3-Detector Data. Data can be a detector. When you cracked out your best 20 minutes, how fresh were you? When you blew on the big climb, what happened in the 5 minutes before it? 10 minutes before it? In post analysis of your data, you can use your data to better understand your failures and your successes. When you succeeded, what exactly did you do in order to succeed and when you failed, why did that happen? Was it the 10th hill that crushed you or was it the violent attacks up the 10th hill that crushed you?
4-Instanteous Data. Data can give you instant feedback. During a workout, you continually watch your powermeter to stay within required limits for optimal training. This is where your power meter can help you in pacing. Cycling is a sport of pacing, and you must pace yourself in a breakaway, in a long road race, in a short criterium and in a century ride or gran fondo. Pace your effort on the hills and pace yourself with your nutrition and hydration as well. These are all key fundamentals to your success as a cyclist and one of the beauties of using a power meter: the data is instantaneous. You push down on the pedals, and you see the number on the screen instantly. There is no lag time, there is nothing to wait for or download later, it’s right there and it happens immediately.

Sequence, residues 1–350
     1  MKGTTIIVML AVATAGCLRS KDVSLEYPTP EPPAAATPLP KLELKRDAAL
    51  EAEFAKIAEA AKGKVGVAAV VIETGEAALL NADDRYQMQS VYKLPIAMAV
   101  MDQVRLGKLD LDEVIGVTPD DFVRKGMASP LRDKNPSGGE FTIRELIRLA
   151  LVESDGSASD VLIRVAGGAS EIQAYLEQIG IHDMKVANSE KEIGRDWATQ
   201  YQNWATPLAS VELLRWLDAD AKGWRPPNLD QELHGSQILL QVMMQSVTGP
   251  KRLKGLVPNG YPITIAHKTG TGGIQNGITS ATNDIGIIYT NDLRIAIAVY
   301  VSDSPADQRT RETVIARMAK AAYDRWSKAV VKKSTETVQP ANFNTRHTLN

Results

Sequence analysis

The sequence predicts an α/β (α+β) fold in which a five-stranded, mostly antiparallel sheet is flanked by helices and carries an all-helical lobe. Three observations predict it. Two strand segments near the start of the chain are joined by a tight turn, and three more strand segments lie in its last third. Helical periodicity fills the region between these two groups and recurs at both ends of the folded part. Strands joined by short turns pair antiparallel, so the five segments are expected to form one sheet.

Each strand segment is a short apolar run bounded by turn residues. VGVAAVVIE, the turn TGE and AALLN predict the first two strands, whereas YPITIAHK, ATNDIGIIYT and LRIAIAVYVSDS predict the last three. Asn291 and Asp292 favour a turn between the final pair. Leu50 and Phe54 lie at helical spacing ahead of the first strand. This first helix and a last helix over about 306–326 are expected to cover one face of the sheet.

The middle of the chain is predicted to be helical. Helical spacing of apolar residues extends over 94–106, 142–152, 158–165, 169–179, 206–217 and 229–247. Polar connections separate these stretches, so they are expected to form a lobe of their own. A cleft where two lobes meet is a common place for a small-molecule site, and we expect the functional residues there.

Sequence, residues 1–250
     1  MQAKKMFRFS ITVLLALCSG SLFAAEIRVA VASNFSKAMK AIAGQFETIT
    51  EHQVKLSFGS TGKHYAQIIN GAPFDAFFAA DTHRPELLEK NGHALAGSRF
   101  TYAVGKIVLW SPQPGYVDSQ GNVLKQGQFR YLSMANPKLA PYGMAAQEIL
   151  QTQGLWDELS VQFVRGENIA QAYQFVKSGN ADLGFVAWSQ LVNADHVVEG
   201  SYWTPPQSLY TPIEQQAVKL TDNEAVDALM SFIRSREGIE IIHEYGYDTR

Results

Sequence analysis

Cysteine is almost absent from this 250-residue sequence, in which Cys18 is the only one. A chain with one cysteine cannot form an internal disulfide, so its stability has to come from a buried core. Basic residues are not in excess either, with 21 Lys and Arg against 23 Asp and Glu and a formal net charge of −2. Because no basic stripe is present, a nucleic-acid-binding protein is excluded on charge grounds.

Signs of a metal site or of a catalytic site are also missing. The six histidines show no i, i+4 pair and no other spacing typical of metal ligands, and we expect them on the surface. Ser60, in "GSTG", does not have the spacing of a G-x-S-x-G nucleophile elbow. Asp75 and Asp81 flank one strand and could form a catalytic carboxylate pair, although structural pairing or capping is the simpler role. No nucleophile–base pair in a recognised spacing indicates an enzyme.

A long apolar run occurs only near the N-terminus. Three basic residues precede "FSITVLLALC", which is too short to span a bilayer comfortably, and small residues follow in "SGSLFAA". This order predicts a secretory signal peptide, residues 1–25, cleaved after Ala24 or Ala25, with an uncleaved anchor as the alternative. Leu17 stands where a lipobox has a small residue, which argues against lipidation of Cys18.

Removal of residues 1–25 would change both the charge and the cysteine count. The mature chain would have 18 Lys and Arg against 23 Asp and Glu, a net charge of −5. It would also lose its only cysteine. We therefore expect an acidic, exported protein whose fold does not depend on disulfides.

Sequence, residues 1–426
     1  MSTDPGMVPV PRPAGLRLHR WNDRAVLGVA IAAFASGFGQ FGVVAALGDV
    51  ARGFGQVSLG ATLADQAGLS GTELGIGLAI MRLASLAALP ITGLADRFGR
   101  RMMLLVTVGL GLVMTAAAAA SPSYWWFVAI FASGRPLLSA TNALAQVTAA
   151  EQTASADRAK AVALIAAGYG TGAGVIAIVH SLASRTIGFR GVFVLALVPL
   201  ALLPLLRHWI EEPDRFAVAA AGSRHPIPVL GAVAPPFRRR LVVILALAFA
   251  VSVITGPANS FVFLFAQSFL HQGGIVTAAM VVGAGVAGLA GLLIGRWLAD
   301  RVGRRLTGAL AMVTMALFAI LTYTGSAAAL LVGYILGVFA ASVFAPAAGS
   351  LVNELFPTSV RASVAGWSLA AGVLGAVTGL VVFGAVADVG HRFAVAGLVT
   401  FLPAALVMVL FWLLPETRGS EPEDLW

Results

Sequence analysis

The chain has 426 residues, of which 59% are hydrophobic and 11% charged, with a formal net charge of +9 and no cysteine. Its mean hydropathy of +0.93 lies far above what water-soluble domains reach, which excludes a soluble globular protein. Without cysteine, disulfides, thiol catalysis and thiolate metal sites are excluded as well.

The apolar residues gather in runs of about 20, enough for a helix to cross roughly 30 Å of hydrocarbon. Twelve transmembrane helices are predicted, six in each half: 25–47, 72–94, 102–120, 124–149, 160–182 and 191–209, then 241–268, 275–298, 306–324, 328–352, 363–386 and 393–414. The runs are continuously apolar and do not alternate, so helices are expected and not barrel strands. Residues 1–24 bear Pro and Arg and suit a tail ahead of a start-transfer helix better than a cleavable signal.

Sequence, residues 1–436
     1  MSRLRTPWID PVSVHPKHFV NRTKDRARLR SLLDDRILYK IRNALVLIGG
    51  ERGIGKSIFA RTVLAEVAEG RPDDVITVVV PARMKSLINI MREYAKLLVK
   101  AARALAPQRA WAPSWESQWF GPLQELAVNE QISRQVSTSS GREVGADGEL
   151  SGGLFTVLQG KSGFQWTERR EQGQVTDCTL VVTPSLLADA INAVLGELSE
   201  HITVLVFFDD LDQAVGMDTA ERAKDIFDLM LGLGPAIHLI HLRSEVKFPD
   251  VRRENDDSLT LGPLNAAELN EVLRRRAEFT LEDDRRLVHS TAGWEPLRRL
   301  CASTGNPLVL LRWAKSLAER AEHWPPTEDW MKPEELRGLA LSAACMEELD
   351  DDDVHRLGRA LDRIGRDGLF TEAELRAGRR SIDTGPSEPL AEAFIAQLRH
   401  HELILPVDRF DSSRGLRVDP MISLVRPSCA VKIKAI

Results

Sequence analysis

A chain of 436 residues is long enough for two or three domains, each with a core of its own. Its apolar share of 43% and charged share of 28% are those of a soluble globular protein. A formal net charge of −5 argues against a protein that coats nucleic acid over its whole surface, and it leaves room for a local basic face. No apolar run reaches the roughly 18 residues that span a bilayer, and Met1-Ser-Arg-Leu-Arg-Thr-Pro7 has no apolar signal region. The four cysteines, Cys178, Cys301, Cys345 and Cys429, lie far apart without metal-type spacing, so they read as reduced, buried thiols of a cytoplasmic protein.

5- Investigative Data. Data can help you be a detective. If a problem occurs, then that’s when you can use the data to help you detect the problems. Sometimes you have to dig deeper into the issue surrounding a success or failure and reviewing the data maybe the way you discover the true underlying cause of your performance. I spend a lot of time being a detective when I analyze an athlete’s data, asking myself questions like: “How many times did he have to attack and how many watts were in each attack before he was able to get away?” or “As this athlete fatigues, does she choose a bigger gear because they have more natural strength than endurance or do they just not have enough muscular endurance to begin with?”
6- Explanation Data. Data can explain why you are faster or slower. You have to understand what information the data is trying to tell you. You have to translate it. Like James Gleick said, “Data is only a string of bits and has nothing to do with information. The information comes from understanding and that is our job to understand it.” Why were your watts lower than yesterday? Is it because you are tired and couldn’t physically produce the watts? Was it because you tried to test up a steep climb and you are better as a flat time trialist? Was it because you had your arch-nemesis to chase therefore you were pushing harder than ever to beat them? This type of data is similar to the data you get from investigative data, but explanation data provides a quicker insight into the information you need.